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Oren Izenberg Robert Lowell at the End of History

Oct. 24th, 2004 | 09:40 pm
music: Interlude

So I haven't written anything about being in Bschool. I will ignore that for now.

Yesterday I went to see part of the Chicago humanities open house:

Robert Lowell at the End of History
Oren Izenberg
Robert Lowell was one of the most influential poets of the last half-century. In this session, we will focus on poems from Lowell’s best-known book, Life Studies, and consider the ways in which a great artist struggles with a great question: Deprived of the confidence that our story is part of a larger plan— a history that marches always toward triumph, a nation with a blessed fate and a certain future—how can we come to value or grant significance to the story of the singular person— to my life, my family, my turmoil, my perception, my mind?

It was wonderful. I felt like dying parts of my brain were being stimulated. I think it was the way that he made all these connection with Lowell's poem "Beyond the Alps" to poems of John Donne, Elizabeth Bishop, and William Wordsworth. Especially since bschool is consuming my life. I haven't been able to read anything but econ and accounting for a couple of weeks now. Maybe it isn't so different from a normal English class, but I haven't had one in such a long time. I am now plotting how I might sit in on his intro to poetry class during the winter.

All the people there were about 50. I wonder what they are in their real lives. I tried to spot profs that I might know, but didn't have any luck.

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In the Shadow of Young Girls in Flower

Sep. 4th, 2004 | 07:30 pm
music: Go Ahead



While I was in Costa Rica I read the new translation of In the Shadow of Young Girls in Flower the second book of Proust's In Search of Lost Time. This is the third time I've tried to finish this book. I do believe that this translation was instrumental in helping me to finish. There was much more I started to appreciate in this translation by Lydia Davis. When I attempted this book before I was amused by the society pretensions and thought that his reactions and appreciation of art were the best described and of course I was very interested in romances. Maybe reading this three times is the way to do things. Today I started The Guermantes Way translated by someone entirely different. I shall see if I like this translator.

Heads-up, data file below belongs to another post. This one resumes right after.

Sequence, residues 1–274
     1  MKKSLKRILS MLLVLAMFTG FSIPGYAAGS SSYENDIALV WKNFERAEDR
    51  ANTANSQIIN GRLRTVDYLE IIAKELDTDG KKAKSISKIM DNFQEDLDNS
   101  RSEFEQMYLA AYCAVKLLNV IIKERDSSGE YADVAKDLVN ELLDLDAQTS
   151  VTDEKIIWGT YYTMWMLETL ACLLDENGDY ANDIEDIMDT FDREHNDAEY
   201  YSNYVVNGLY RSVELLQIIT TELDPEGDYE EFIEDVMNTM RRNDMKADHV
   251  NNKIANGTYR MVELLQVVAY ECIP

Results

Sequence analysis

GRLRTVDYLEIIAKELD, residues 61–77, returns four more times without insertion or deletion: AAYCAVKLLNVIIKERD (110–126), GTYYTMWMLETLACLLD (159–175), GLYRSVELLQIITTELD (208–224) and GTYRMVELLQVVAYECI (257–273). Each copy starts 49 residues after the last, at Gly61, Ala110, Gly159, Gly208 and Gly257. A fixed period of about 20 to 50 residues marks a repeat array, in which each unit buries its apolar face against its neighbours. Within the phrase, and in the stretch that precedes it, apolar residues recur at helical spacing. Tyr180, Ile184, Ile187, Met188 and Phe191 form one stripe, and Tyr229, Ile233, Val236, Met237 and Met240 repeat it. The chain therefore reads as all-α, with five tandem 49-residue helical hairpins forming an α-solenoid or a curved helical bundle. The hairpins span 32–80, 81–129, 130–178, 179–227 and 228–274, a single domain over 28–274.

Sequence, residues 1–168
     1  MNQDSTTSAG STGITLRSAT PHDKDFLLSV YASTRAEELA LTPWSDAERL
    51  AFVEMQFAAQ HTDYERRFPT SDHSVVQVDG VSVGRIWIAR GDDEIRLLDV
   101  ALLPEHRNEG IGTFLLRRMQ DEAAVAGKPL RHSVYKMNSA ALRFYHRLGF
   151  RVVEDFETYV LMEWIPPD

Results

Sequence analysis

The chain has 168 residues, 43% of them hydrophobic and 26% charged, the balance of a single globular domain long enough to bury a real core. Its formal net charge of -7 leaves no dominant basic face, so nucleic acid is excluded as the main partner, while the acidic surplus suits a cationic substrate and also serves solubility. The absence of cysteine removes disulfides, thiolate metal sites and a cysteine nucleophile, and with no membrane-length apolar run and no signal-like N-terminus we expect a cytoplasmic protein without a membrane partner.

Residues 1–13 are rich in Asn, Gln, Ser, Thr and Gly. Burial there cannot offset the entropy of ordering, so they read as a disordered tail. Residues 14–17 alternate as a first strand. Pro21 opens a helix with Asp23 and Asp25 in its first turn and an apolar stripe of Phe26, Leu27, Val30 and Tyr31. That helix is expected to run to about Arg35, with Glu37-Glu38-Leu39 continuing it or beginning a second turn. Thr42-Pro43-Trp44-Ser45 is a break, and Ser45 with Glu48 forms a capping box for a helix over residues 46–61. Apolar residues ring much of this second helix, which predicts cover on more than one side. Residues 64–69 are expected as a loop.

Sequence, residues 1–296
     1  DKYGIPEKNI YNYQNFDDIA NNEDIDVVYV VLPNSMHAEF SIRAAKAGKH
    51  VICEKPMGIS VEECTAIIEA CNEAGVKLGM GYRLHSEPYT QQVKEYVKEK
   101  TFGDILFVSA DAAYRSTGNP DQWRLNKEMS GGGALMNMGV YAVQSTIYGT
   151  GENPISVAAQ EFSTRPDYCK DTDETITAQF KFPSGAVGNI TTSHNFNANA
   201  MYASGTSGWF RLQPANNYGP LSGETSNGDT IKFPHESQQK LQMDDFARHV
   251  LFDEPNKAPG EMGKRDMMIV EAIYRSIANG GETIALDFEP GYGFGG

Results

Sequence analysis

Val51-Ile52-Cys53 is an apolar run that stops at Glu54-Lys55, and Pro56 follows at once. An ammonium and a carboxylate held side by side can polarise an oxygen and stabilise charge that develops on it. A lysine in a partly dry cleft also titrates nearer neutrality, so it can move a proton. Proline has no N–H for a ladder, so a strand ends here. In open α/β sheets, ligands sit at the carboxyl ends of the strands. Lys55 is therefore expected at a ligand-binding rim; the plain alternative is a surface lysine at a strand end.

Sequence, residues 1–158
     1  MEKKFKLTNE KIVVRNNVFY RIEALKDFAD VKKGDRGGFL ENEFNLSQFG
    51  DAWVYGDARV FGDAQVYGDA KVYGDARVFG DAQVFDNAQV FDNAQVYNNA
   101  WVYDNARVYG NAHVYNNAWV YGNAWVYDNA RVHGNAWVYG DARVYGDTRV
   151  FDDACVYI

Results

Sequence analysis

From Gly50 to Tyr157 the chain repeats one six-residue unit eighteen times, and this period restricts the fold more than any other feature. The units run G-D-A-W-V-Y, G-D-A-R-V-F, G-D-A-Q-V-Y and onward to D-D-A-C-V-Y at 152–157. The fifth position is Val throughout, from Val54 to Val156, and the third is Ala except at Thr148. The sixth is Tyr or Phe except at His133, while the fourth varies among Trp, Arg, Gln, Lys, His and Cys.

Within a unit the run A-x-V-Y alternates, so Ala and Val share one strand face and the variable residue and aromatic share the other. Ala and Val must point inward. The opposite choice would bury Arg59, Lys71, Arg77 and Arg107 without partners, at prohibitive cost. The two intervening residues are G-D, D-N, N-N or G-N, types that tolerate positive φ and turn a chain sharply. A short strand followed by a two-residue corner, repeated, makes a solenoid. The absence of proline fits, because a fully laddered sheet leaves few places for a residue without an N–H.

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The Bone People

Aug. 17th, 2004 | 11:27 pm

I've been lying in my empty empty apartment reading The Bone People by Keri Hulme.

A Maori painter wins a lottery and loses her inspiration, so she builds a fantasy tower on a beach in New Zealand and keeps everyone away. Until, of course, someone comes by, a seven year old boy who is violent and dumb, a truant and a thief. It starts as a heartwarming tale then somewhat unfairly and unexpectedly mutates into something much darker. Keri Hulme is a Maori artist and the poetry in her novel is not the skippable sort, it makes up some of the best parts of the book.

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japanese icecream

Aug. 11th, 2004 | 01:34 pm

honeydijon sent me this link to bizzare japanese icecream flavors.